Saturday, September 17, 2011

Contagion Movie Review: Sanitize Your Hands, Cover Your Mouth

How disease can spread without your knowing it.
Leave it to director Steven Soderbergh to take a worn out movie premise and zap us with a unique take. How many iterations of the global pandemic film can we take? That’s what I thought when I saw the ads for Contagion, which rather unfortunately make the film look much more like an action thriller than it really is. Soderbergh, working from an original screenplay by Scott Z. Burns, guts the genre of just about everything we expect. There are no chases. There’s no government cover up, though one particularly repugnant character hints at one. There’s no thumping and pounding musical score. There’s no child in danger (actually, a young child is dispatched early on with very little fanfare and no time for reflection) and no last minute rescue or rush to manufacture a vaccine to save the world.


So what’s left, you might ask? What remains is a generally smart screenplay that takes the beginning premise of a deadly virus and explores how such a pandemic would be dealt with at various levels of both government and health departments. It’s an entirely unsensationalized treatment of the subject. It’s a slow burn in which many people get sick and many of those people die, where officials are mostly trying to do what they can to stop the spread of disease, although they also recognize the importance (a recognition that much of the public might not attain) of limiting information to prevent mass hysteria.

Without drawing attention to itself as a technique, Soderbergh, who also operates his own cameras under the pseudonym Peter Andrews, forces us to notice, even before we’re acutely aware of any disease, the ways in which bacteria and virus can spread. As a man gets on a bus, the camera just catches his hand holding a pole. Some shots draw our attention to the way someone touches his nose and then touches a public object or hands something to another person. All this information is conveyed in the first moments of the film and because we know what the film is about, we know what Soderbergh is up to. When Gwyneth Paltrow lets out a little cough, we know she’s doomed.

Paltrow plays Beth Emhoff, who brings the virus with her from Hong Kong on her return trip through Chicago (to meet her lover) on the way to Minneapolis. She dies shortly after returning and her young son takes ill shortly after that. Her husband Mitch (Matt Damon), however, never shows any symptoms. Will he be the key to the cure? This isn’t Outbreak where the big secret was finding the original host monkey to magically create a vaccine in twelve hours. Mitch asks why they can’t just take his blood and make a vaccine. It’s more complicated than that, he’s told. Right there is the key to this movie. Everything depicted in Contagion points to the fact that epidemic disease is unbelievably complex and virtually impossible to control. Only science, the slow and methodical process of hypothesis, testing, and discovery can find a solution.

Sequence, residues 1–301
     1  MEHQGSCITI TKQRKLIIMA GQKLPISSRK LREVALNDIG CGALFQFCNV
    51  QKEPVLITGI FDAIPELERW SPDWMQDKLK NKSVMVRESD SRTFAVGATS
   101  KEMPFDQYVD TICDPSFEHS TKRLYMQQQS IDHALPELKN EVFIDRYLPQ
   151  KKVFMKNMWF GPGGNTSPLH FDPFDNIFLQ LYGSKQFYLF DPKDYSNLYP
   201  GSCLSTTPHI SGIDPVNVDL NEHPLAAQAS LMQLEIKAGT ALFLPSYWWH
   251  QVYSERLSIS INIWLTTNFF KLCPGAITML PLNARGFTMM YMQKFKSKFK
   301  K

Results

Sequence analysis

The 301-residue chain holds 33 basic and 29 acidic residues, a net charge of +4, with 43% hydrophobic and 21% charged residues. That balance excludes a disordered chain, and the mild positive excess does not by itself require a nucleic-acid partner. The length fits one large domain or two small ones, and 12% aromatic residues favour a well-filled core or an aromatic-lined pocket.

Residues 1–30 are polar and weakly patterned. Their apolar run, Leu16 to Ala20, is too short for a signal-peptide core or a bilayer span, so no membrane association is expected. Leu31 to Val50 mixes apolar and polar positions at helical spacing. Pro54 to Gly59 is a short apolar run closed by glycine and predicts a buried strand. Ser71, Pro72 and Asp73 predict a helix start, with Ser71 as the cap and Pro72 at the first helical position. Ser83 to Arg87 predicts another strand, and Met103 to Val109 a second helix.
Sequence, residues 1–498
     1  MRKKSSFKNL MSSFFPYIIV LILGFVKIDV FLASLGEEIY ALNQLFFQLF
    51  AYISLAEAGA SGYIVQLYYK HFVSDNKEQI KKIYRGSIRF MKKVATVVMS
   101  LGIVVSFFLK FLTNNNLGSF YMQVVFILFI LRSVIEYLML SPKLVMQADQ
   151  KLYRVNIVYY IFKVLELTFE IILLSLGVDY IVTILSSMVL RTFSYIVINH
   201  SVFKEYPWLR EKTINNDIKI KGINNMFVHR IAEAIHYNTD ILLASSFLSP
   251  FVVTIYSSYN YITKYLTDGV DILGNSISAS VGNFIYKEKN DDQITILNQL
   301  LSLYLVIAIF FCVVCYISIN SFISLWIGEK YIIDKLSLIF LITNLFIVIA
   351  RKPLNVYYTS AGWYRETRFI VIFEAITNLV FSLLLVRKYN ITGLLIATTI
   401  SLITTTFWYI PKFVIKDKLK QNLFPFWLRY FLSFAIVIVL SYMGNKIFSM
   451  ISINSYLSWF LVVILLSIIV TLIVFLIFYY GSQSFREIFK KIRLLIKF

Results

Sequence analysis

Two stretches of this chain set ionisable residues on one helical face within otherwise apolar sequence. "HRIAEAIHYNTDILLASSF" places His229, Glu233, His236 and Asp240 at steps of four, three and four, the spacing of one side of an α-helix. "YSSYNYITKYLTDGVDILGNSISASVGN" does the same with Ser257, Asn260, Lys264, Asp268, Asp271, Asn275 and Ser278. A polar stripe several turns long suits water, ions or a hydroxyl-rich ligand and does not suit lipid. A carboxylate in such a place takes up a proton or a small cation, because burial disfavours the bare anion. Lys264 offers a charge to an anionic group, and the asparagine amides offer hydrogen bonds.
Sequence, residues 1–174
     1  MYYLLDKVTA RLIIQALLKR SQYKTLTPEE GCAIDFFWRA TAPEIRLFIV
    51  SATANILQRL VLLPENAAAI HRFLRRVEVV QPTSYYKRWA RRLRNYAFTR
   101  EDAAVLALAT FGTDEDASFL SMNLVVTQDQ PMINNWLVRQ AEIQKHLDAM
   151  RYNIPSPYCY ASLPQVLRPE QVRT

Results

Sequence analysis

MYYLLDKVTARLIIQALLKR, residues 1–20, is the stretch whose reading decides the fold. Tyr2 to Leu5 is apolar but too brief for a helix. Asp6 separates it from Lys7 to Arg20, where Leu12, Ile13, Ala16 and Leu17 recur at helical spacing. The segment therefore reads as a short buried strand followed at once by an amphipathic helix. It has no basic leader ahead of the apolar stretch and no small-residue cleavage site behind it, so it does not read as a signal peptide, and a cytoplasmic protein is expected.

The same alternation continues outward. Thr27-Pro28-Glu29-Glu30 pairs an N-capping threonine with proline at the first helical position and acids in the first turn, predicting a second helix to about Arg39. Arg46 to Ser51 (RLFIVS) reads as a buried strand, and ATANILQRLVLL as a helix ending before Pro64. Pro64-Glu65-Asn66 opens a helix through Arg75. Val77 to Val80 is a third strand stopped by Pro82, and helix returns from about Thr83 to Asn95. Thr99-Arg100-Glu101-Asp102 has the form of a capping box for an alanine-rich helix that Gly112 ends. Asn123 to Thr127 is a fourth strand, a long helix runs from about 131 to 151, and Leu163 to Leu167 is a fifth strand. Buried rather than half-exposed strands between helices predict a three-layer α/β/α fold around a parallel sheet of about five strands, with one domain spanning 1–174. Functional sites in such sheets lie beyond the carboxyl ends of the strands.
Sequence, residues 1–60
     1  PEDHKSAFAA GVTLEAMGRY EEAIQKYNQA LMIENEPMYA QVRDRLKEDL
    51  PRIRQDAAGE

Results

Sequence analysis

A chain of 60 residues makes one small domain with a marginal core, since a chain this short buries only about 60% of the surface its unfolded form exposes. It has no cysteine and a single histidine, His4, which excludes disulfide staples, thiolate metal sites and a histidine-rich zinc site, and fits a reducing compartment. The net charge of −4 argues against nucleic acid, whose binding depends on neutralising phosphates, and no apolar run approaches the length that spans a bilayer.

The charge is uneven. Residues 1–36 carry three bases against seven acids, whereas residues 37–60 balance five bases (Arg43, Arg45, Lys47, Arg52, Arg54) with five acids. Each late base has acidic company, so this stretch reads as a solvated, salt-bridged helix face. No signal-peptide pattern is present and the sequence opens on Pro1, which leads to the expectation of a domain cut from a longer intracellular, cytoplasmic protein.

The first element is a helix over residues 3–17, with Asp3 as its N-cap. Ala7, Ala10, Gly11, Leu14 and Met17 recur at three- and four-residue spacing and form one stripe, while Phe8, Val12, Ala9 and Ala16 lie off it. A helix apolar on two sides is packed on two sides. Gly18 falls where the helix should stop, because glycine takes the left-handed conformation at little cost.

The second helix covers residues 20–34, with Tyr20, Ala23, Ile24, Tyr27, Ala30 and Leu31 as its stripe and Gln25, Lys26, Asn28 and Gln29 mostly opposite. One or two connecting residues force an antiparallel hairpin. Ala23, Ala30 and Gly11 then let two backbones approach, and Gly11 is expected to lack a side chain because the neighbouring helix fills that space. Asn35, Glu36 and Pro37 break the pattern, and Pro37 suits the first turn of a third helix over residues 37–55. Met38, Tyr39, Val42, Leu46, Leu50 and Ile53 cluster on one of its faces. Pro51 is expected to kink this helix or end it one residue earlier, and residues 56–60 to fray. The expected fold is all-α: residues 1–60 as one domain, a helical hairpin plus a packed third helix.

Contagion does for the epidemic disease thriller what Soderbergh’s fantastic Traffic did for cops and robbers movies. He takes all the romance out of it and presents it for what it is. Like Traffic, Contagion also uses a laundry list of characters and recognizable actors spread out over distant locations. Laurence Fishburne is Dr. Cheever, an official at CDC in Atlanta. Kate Winslet is Dr. Mears, whom he sends to investigate in Minnesota. Marion Cotillard is Dr. Orantes with the WHO, sent to Hong Kong. Other smaller roles are filled by the likes of Bryan Cranston, John Hawkes, Elliott Gould, Jennifer Ehle, and Jude Law as pot-stirring blogger Alan Krumwiede, who tries to convince his 12 million unique visitors that a particular herbal medicine can cure the disease, but the government won’t tell you that because they’re in bed with the pharmaceutical companies. This is the kind of drivel we hear from a very vocal minority of people in real life and it was utterly satisfying to see his character receive his just deserts in the end.